1. Build great relationships beginning day one. Carve out time for the manager and employee to meet and introduce the employee to his or her team, clients and support staff. This includes setting up time for the employee to meet one-on-one with these people.
    2. Offer great on-the-job training in the first two weeks. If you did your job, you selected an employee with the right knowledge, skills, and abilities to do their job and fit into the company’s culture. What the employee needs is training on how work is done in your company, and especially on your work systems and processes, and how decisions are made. It is critically important to provide this training in the first week. Employees want much of this training from their mangers, but if the manger does not have all the expertise it is better to assign one or more coaches who will take the time to train, tutor and coach the employee. The manager, however, needs to follow up daily to make sure the employee feels welcome and understands the training.
    3. Help new employees begin advancing their careers in the first month. One of the most popular onboarding events I have organized is a half day when current directors of the company tell their career stories about how they moved ahead. What was their career path, assignments, learning and who were their mentors? The new employees loved these sessions and it helped them meet more employees from outside of their immediate circle of contacts.
  6. Have agile leaders who break through visual diversity to build relationships and align and motivate everyone on their teams. This style of leadership is particularly important for leaders of young employees, known today as Millennials and Generation Z, and for companies that need innovative cultures and agile organizations. I define leadership agility with the acronym ACE, which stands for agile and aligning, constantly communicating and empathetic and e  Agile leaders can relate to workers who have a different background from their own and can align their teams to the company’s purpose, mission and strategies. Agile leaders are constantly communicating and clarifying changing business realities, goals and operating norms. Finally, agile leaders are empathic, build relationships, and empower their employees to perform at their best. They get to know the motivations and skills of each employee and figure out the best ways to assign duties to let each one shine. They do this with ongoing performance and development feedback and coaching that empowers employees to overcome obstacles and attain high performance.
  7. Provide flexible work arrangements, leading to higher morale and less turnover. A 2017 study by OWL Labs found that companies that support remote work had 25% less turnover than companies that don’t support it. Other studies show that as much as 80% of the workforce want flexible work arrangements. In my own implementation of a flexible work arrangement, more than 30% of the workforce (more than 40% with sales) was able to work remotely three to four days a week depending on their job duties. The result? Morale and productivity increased, turnover dropped and our ability to recruit increased. Learn more here. Companies that embrace remote work will reduce their turnover and enjoy these other benefits.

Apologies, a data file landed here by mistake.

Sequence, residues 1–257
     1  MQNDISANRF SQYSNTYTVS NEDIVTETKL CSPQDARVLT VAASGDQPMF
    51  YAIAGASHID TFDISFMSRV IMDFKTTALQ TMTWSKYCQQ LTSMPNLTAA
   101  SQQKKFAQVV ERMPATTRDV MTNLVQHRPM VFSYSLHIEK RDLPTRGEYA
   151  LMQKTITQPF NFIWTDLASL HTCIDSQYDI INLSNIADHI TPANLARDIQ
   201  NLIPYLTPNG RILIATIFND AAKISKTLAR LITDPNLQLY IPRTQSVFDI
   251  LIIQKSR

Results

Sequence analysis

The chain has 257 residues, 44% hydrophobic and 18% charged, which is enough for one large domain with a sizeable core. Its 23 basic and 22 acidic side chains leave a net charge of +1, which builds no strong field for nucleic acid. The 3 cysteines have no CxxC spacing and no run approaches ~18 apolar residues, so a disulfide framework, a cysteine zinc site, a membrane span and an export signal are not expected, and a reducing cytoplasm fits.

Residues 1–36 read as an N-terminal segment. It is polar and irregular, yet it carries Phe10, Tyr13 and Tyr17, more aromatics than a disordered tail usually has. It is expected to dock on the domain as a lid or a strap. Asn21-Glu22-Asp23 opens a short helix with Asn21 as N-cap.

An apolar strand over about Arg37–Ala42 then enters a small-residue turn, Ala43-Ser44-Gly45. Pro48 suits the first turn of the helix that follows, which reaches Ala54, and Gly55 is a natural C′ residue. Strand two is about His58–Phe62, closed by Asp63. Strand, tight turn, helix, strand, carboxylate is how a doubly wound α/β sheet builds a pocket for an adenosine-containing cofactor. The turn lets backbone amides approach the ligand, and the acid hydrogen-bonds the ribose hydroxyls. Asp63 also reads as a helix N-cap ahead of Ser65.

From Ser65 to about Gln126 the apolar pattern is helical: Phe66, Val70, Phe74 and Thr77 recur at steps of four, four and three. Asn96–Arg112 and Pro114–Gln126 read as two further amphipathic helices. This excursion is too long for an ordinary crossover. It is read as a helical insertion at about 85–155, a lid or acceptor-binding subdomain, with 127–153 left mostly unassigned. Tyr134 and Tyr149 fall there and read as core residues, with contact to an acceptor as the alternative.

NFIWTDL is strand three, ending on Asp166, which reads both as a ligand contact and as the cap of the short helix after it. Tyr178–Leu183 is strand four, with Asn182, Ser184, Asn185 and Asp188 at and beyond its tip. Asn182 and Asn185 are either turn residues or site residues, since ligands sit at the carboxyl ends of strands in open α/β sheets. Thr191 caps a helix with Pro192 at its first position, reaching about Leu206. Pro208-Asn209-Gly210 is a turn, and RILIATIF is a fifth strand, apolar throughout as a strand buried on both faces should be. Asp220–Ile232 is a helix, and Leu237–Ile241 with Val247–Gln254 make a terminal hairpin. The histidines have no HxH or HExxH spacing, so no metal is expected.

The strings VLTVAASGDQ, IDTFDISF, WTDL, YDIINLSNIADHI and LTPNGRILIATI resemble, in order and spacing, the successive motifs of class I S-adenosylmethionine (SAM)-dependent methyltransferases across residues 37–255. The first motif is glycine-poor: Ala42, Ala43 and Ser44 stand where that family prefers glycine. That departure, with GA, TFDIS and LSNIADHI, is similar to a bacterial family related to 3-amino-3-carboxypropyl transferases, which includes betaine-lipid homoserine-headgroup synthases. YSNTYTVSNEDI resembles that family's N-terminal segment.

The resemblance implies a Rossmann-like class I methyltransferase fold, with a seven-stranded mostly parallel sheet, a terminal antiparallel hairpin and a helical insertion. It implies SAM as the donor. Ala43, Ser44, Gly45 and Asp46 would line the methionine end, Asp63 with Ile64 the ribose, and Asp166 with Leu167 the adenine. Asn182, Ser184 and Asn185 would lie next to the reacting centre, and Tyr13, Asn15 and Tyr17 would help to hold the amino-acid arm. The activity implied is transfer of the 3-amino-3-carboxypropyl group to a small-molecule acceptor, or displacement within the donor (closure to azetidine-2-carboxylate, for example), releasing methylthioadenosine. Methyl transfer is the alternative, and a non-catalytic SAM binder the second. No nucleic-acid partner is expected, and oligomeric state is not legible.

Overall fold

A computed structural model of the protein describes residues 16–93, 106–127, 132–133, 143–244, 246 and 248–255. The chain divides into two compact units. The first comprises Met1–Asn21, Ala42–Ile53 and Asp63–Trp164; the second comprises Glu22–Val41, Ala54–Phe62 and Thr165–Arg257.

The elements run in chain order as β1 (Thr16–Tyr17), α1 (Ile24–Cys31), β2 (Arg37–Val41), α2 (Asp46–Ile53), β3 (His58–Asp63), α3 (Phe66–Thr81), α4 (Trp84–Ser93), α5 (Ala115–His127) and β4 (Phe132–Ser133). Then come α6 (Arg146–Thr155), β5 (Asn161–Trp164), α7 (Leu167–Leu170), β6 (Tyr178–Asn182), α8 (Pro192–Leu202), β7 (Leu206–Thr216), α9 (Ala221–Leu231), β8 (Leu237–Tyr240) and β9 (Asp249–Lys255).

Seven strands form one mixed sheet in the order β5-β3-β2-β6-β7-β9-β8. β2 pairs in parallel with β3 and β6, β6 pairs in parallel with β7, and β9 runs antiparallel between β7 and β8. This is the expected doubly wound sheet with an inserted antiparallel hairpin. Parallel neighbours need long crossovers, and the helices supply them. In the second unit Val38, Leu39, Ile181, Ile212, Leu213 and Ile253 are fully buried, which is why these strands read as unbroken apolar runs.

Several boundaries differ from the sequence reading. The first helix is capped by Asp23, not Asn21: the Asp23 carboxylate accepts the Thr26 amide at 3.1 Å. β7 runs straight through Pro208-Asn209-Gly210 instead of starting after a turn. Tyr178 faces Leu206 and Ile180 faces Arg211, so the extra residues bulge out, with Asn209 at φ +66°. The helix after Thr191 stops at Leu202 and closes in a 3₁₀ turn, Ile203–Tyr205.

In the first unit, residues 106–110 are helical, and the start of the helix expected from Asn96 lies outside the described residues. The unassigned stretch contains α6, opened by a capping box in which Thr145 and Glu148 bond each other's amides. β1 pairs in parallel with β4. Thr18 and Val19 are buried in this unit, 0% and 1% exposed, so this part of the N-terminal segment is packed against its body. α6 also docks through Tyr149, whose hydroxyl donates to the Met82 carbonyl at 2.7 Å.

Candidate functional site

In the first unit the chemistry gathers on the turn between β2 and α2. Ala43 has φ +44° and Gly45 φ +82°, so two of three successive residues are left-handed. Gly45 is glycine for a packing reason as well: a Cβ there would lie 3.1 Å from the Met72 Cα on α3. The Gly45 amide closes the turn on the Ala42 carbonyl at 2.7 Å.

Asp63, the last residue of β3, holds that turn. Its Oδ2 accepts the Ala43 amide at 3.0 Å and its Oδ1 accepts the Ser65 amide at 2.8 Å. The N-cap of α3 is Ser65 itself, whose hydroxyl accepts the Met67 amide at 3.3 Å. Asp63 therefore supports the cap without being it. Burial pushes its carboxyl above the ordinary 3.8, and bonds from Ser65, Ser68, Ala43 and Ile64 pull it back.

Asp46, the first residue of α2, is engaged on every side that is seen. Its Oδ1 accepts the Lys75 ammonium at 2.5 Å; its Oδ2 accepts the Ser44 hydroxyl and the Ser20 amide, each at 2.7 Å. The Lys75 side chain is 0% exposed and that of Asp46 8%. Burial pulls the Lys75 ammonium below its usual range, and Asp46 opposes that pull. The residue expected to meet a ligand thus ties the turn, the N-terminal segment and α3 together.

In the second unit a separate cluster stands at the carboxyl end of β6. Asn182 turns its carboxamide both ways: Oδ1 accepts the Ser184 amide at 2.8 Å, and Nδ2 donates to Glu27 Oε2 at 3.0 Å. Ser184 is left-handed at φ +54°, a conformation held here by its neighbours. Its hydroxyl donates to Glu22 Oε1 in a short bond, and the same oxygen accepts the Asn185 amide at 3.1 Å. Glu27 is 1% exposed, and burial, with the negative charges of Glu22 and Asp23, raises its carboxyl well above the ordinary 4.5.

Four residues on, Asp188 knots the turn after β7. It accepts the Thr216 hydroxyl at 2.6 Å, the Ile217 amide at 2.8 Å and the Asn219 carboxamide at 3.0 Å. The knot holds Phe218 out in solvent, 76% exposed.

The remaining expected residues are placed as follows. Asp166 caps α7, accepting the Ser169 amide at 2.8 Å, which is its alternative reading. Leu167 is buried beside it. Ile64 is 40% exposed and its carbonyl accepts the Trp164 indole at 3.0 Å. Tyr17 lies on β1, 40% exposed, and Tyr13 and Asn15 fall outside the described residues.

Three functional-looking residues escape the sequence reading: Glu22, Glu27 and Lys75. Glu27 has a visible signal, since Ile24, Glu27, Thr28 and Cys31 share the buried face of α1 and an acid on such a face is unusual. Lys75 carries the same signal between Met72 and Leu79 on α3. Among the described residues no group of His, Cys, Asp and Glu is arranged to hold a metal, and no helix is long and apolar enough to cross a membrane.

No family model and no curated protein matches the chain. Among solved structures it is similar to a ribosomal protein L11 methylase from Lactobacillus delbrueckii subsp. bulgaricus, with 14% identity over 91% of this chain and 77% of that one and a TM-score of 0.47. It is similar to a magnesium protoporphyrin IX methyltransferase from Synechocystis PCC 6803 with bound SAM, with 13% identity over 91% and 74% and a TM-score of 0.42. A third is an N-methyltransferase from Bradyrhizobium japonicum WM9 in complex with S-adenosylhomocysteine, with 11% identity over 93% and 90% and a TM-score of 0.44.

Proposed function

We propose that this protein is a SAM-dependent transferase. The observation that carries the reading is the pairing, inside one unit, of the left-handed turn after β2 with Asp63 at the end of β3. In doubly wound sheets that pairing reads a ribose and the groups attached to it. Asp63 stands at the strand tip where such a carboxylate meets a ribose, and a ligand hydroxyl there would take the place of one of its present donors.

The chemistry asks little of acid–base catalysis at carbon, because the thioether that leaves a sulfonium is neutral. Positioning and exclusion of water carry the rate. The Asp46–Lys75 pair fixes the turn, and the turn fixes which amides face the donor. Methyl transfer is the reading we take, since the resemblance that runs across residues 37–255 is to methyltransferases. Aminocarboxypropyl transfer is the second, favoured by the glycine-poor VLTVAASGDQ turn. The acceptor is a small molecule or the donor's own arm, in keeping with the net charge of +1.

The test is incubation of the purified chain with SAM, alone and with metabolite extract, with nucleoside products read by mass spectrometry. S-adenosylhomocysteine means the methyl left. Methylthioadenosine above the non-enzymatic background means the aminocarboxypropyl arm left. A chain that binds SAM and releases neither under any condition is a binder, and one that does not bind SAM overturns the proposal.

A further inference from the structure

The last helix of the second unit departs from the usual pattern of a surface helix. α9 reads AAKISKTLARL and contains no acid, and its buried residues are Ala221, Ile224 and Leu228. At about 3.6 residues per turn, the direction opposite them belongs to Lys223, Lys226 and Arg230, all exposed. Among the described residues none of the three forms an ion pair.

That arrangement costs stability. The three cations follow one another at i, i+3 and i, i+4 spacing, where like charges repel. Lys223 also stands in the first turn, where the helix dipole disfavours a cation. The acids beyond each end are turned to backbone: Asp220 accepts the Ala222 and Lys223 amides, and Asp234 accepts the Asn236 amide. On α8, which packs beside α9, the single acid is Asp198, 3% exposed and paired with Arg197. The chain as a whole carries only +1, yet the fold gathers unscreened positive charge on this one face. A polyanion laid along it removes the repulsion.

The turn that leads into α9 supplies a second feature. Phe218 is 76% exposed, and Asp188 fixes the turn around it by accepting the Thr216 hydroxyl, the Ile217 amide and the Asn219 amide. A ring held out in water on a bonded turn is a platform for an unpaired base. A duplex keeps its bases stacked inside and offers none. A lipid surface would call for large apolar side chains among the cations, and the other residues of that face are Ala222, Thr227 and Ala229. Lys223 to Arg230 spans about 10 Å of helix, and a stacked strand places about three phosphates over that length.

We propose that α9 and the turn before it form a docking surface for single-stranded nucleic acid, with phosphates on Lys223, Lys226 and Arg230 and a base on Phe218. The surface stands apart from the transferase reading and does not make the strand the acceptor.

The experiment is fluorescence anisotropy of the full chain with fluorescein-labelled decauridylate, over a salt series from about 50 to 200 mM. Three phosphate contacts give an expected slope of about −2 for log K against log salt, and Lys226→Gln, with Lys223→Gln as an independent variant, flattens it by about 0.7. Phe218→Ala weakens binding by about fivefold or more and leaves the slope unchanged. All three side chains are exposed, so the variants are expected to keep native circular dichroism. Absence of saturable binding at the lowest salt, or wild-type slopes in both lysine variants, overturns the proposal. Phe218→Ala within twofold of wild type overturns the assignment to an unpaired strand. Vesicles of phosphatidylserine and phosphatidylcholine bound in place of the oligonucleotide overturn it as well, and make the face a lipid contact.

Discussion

In the US we are in the ninth year of economic growth. Retention will remain a concern for the foreseeable future. Without integrated talent strategies to retain your employees, you will be the recruiting source for your competition.

Victor Assad is the CEO of Victor Assad Strategic Human Resources Consulting and is a Managing Partner of InnovationOne. He consults and provides “hands-on” support for innovation, global talent strategies, developing agile leaders and teams, and other strategic initiatives. Contact Victor Assad at VA@VictorHRConsultant.com. Visit http://www.victorhrconsultant.com for valuable free reports. For research on innovation visit http://www.InnovationOne.io.

[i] Lucia Carrera, Richard Luss and Jing Wang, (June 2015), “Seven Things to Know About Employee Retention Risks,” Towers Watson. Found at https://www.towerswatson.com/en-US/Insights/Newsletters/Americas/insider/2015/06/seven-things-to-know-about-employee-retention-risks.

[ii] “The Employee Burnout Crisis: Study Reveals Big Workplace Challenge in 2017” (Jan. 2017). Found at:

https://www.kronos.com/about-us/newsroom/employee-burnout-crisis-study-reveals-big-workplace-challenge-2017

[iii] Economic News Release. US Department of Labor, Bureau of Labor Statistics.  https://www.bls.gov/news.release/jolts.t04.htm

[iv] Leigh Branham (2005) The 7 Hidden Reasons Employees Leave: How to Recognize the Subtle Signs and Act Before It’s Too Late, AMACOM, American Management Association.

[v] “Escape to Comptopia: 2016 Compensation Best Practices Report,” Payscale Research Report. February, 2016. Found at https://hub.payscale.com/i/645228-payscales-2016-compensation-best-practices-report?utm_source=Marketo&utm_medium=Newsletter&utm_campaign=Mar2&utm_content=cbpr-flipbook&mkt_tok=3RkMMJWWfF9wsRonuavPeu%2FhmjTEU5z17%2B4oWqGwgp141El3fuXBP2XqjvpVQctqPL7YDBceEJhqyQJxPr3BLdcN1Nl2R

[vi] “Glassdoor Q4 2014 Employment Confidence Survey.” Found at https://press-content.glassdoor.com/app/uploads/files_mf/gdecsq414surveysupplement.pdf.

[vii] Ibid.